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OPD vacancies can mean tens of thousands of dollars in overtime for officers

Olympia police respond to a protesters at Artesian Commons Park in September over the park’s closure. Protests and other events can add to overtime costs.
Olympia police respond to a protesters at Artesian Commons Park in September over the park’s closure. Protests and other events can add to overtime costs. Steve Bloom

The highest paid employee for the city of Olympia last year was a longtime police sergeant who made nearly $70,000 in overtime and other incentives on top of his $119,000 base pay.

Sgt. Ryan Hirotaka made more than Olympia’s city manager, police chief and fire chief. He is not an outlier: Among the highest paid employees were several police sergeants and officers who made tens of thousands of dollars above their base pay, according to 2018 salary data obtained by The Olympian.

Olympia’s police and fire departments offer incentives for longevity, college degrees, certifications or special assignments. But Deputy Police Chief Aaron Jelcick said most of the extra pay in his department is due to overtime.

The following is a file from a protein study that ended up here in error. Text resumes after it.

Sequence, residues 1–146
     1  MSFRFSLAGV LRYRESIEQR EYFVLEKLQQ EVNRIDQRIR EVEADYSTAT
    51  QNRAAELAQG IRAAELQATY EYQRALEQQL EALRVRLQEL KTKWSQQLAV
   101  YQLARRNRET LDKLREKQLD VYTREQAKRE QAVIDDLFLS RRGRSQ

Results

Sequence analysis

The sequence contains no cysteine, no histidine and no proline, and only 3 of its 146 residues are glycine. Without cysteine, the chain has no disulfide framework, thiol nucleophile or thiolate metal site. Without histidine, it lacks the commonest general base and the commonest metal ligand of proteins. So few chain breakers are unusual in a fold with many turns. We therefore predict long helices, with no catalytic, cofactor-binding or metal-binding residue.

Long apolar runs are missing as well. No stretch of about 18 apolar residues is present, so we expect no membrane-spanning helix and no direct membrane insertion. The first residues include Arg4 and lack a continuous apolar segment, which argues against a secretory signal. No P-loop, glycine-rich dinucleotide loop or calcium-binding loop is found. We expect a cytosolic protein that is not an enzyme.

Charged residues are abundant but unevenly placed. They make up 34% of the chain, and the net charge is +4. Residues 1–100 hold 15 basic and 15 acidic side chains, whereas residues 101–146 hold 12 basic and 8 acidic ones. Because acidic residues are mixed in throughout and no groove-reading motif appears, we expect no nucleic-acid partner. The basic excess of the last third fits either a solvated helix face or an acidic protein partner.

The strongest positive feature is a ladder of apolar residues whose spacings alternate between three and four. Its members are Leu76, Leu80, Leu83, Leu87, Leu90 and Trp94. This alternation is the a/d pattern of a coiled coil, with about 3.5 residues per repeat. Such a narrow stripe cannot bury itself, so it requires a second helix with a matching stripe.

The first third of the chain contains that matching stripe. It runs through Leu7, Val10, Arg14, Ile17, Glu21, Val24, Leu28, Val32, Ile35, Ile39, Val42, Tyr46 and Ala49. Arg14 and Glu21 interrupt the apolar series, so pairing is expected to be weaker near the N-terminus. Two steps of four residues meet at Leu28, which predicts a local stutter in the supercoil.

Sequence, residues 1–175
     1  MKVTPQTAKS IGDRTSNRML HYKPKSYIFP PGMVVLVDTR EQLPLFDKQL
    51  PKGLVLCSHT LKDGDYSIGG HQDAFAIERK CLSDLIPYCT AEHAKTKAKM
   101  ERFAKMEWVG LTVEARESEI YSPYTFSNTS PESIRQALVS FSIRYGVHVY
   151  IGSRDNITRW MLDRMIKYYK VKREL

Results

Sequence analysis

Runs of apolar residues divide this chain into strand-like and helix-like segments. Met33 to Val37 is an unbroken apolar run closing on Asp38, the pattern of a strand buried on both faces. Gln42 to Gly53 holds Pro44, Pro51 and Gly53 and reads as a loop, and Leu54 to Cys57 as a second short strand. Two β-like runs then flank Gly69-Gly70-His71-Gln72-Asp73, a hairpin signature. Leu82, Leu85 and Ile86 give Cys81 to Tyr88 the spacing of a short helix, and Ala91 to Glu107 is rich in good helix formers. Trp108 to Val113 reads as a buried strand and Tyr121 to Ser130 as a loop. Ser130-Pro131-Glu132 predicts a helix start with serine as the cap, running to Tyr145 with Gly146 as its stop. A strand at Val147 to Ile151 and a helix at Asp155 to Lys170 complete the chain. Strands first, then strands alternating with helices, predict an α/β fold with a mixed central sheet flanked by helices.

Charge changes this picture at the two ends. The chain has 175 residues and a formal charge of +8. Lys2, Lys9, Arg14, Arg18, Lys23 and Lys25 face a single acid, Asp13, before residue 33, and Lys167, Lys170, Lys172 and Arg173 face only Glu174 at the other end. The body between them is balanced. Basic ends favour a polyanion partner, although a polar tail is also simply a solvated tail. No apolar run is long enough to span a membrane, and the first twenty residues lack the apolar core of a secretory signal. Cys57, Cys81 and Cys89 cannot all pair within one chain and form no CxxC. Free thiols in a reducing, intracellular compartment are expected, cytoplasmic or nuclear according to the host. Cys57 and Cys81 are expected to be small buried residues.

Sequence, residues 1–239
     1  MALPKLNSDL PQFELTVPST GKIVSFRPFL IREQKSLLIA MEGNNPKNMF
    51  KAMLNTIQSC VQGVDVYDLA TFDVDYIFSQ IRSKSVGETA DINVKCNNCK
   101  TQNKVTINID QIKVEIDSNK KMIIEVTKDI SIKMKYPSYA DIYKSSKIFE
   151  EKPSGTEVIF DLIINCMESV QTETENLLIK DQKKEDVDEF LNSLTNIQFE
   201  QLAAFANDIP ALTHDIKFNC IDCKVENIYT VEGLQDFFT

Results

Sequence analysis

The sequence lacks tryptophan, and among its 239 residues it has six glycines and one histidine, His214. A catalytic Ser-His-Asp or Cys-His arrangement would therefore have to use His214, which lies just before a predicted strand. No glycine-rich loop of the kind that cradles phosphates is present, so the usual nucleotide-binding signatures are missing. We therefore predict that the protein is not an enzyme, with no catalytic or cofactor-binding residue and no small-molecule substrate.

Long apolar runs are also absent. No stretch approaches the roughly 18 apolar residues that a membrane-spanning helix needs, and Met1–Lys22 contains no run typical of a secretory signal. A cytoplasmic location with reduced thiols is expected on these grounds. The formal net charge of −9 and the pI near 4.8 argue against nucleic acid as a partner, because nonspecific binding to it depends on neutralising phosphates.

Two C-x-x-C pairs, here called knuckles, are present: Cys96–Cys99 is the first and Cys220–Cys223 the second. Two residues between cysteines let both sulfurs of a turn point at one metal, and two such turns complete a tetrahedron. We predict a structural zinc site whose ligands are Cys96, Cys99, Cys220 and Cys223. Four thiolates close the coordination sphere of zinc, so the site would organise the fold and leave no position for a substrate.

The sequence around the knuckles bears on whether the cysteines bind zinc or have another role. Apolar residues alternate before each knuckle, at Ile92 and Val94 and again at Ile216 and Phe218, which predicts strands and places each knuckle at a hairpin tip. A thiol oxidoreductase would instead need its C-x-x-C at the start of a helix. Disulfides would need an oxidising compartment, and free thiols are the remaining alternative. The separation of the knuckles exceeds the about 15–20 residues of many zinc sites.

The department has minimum staffing requirements for all times of the day but falls short when people are out due to injuries, vacations, trainings or for other reasons.

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“If you’re under that magic number, you’re paying overtime for somebody,” he said. “We have been so short staffed even this first quarter that we’ve had one person show up for a shift.”

The majority of police officers last year made more than $100,000. In one case, an officer earned nearly $55,000 on top of his $98,000 base pay.

The only limit to how much overtime police can do is the requirement that they take eight hours off between shifts.

Jelcick said OPD regularly goes over its overtime budget. This year, detectives are taking patrol shifts to limit the need for overtime. The department made sure to fill positions on its downtown walking patrol and new neighborhood units — both funded by the public safety levy voters approved in 2017 — which involved moving people from the patrol division.

Olympia Fire Department, meanwhile, was short on paramedics last year, creating a need for overtime there, said Assistant Fire Chief Michael Buchanan. But in general, he said, having people on duty 24 hours a day, seven days a week often requires overtime.

“This is not new,” he said. “It’s not that much different than last year and the year before.”

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Abby Spegman joined The Olympian in 2017. She covers the city of Olympia and a little bit of everything else. She previously worked at newspapers in Oregon, New Hampshire and Hawaii.


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